Wednesday, July 1, 2009

Review: Between the Assassinations

Title: Between the Assassinations

Author: Aravind Adiga

Publisher: Free Press

# of Pages: 338

Favorite Line: She lay in the storage room, seeking comfort in the fumes of the DDT and the sight of the Baby Krishna's silver buttocks.

Rating: 10/10

I received this book for free to review.

From Booklist
Adiga provides both a chronological and geographical framework for this collection of stories, a prequel to his Man Booker–winning The White Tiger (2008). The stories take place during the years between the assassinations of Indira Gandhi in 1984 and Rajiv Gandhi in 1991. Each story is introduced by an excerpt from a guide for a weeklong tour of the fictional city of Kittur, located on India’s southwestern coast. The blandness of the travel guide is a counterpoint to the vibrant, messy city life, where Hindu, Muslim, and Christian, high and low caste, rich and poor, all jostle together. As in The White Tiger, corruption and injustice are important themes, and while a few characters find ways to strike back, most are caught in the daily grind of trying to survive. Although sometimes heavy handed, the stories are sharply tactile, and the city of Kittur is richly imagined. Once again, Adiga offers a panoramic view of India, this time by giving voices and names to the multitude. --Mary Ellen Quinn

I have had so much luck with short stories lately that I couldn't resist requesting this book from Amazon Vine- and success once again! This is obviously a genre I really need to delve into more deeply. Short stories are great reads for the morning and evening commutes, and during a lunch-for-one. There isn't quite as great an urge to read just one more chapter as there is with novels, so you can place your bookmark with a content feeling of completion before opening the book once more.

I thoroughly enjoyed this collection of stories. I admit to being slightly biased, though. First, it takes place not only in India, but in South India. Not only in South India, but in Karnataka, the state my parents are from. There is a character in the book named Sulocha, which is the name of one my dad's sisters. There is another one (or several different ones- I can't quite tell if they're all the same person in different stories) named Thimma- this is the nickname my mom has for my brother. The cities of Bangalore and Mysore are mentioned, as are yummy foods like tomato saaru, idli and dosa.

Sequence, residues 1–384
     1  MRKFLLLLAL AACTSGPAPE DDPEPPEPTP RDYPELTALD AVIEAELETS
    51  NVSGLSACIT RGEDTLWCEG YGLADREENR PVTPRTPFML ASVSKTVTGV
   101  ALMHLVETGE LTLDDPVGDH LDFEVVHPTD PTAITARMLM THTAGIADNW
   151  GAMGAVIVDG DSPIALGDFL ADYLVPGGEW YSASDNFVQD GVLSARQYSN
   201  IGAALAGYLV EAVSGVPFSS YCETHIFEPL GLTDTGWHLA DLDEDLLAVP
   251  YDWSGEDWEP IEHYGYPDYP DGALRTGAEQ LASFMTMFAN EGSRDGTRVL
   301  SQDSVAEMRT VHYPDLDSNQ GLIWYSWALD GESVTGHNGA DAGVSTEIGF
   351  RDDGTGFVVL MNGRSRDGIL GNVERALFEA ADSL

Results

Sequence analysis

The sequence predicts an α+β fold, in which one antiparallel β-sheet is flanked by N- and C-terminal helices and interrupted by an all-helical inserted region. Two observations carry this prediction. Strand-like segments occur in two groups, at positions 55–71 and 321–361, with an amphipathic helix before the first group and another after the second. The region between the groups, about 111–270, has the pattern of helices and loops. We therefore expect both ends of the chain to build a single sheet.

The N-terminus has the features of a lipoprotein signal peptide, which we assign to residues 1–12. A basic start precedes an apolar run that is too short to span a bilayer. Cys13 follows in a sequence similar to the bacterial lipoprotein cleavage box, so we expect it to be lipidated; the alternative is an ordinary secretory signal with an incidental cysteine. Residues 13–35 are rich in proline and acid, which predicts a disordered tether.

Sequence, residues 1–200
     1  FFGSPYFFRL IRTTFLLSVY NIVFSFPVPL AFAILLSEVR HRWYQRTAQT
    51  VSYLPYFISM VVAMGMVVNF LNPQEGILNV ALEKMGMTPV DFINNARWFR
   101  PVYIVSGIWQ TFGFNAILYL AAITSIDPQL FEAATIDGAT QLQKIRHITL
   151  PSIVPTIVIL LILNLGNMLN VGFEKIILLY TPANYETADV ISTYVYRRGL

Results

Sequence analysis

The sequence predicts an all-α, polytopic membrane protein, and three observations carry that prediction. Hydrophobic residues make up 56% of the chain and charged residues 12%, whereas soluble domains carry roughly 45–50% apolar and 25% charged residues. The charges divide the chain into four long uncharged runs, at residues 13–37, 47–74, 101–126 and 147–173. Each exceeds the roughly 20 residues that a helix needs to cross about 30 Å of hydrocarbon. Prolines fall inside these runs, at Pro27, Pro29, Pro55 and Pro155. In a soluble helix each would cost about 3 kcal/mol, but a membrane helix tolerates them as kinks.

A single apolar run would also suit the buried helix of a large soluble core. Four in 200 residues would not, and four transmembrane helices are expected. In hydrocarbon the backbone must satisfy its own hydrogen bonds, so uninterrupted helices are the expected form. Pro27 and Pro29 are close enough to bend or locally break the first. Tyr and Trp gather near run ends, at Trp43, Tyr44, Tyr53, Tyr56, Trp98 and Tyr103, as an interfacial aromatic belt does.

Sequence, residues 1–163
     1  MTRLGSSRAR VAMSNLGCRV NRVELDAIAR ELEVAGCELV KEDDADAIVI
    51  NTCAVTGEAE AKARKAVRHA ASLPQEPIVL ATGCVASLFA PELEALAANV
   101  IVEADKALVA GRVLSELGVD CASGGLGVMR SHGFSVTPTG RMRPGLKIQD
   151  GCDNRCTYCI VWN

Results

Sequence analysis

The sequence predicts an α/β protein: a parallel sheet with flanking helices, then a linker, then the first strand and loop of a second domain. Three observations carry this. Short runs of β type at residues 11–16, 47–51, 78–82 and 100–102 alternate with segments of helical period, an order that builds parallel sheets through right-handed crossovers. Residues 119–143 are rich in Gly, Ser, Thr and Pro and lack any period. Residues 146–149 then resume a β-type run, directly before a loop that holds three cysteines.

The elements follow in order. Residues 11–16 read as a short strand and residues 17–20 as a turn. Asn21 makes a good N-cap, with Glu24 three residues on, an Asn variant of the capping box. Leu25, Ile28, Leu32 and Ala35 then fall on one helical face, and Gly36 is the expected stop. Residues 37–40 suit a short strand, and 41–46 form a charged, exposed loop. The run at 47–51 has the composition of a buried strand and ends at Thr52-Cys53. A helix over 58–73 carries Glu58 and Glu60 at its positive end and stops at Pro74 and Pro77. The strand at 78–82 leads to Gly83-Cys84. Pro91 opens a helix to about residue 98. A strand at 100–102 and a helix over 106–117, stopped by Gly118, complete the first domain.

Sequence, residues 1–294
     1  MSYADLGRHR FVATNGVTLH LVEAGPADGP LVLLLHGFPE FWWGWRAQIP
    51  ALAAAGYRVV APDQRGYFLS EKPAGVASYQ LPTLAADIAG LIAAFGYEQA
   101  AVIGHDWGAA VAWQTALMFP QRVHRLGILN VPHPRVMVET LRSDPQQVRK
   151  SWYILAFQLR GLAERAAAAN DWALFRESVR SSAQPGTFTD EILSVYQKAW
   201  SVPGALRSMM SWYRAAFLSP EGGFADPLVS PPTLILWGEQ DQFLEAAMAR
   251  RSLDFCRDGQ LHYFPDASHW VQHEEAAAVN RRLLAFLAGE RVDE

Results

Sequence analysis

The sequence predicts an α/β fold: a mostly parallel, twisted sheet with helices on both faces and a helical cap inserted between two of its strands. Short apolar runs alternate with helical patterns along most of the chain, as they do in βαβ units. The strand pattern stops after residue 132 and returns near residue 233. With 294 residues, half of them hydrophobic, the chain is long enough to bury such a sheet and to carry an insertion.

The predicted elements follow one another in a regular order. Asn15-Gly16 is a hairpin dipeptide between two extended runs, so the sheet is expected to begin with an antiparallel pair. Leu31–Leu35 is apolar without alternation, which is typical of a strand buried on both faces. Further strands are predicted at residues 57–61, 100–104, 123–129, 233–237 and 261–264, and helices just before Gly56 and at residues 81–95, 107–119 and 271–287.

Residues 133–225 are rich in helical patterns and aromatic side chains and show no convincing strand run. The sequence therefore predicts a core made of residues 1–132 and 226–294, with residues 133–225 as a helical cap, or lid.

I really enjoy reading Indian books because it's such a vivid setting for me- while historical fiction and fantasy will always be my genres of choice, there is a huge disconnect between those characters' lives and mine. Stories set in India, especially in the south, are like a jolt of caffeine- I wonder sometimes what my life would have been like, if my parents hadn't moved to the US in the 1970s. Reading stories like these definitely gives me a sense of what might have been.

Indian authors have a tendency to be depressing. Adiga is no exception. His stories are painfully bleak and morose. His characters face life with the fatalistic belief that nothing will ever change for them. They are stuck where they are, with no way out. Some are angry, some are resigned, and some (very few) are hopeful in tone. But the main character, throughout all the stories, is India, in all her guts and glory. While I enjoyed some stories in this collection more than others, they all moved me in some way. The characters are vivid, true and wonderfully three-dimensional for the forty or so pages they are given.

And the language is so lush- Kittur, India really comes to life- the sights and sounds, the tastes and smells. Some of the sentences just struck a chord. In addition to the one above, I also noted, "The centerpiece of his body was a massive potbelly, a hard knot of flesh pregnant with a dozen cardiac arrests." And, "...the furrow in his brow was like a bookmark left there by the dead woman." So much fun to read a whole book full of sentences like these. It is hard to pick a favorite story, but one that is close to my heart is the one about a bootleg bookseller named Xerox. Read it, and you'll know why :-)


  1. Anonymous7/02/2009

    I tend to stay away from books based in India for the same reason you like them. I don't like to see or experience the same things I see everyday. Glad you liked the collection.

  2. Didn't know Indian authors tends to be depressing, only know that Finnish sure are, and they make depressing bleak movies too. Must be the climate up here

  3. It must add a layer to your reading - the "might have been" aspect. The sentences are so well crafted and descriptive! Sometimes it's how the language is used that makes me love a book, not necessarily the storyline.

    That's a very convincing argument for reading short stories, it does sound as if they'd fit much better into a work day.

  4. Short stories have really grown on me over the last few years. I've been neglecting them this year so far, actually, but I'll keep this collection in mind. It sounds wonderful.

  5. Great review! Your enthusiasm for the book really comes through. I really, really want to read this one, although I have not yet read The White Tiger. I love Indian fiction, it is one of my favorite genres, so this one will definitely be going on the wish list after reading your review. Thanks so much!

  6. I am so all over this book. The White Tiger was amazing, and I am sure to enjoy this one. Yay Karnataka!


I read every comment posted on this blog, even if it sometimes takes me a while to respond. Thank you for taking the time and effort to comment here! Unless you are spamming me, in which case, thanks for nothing.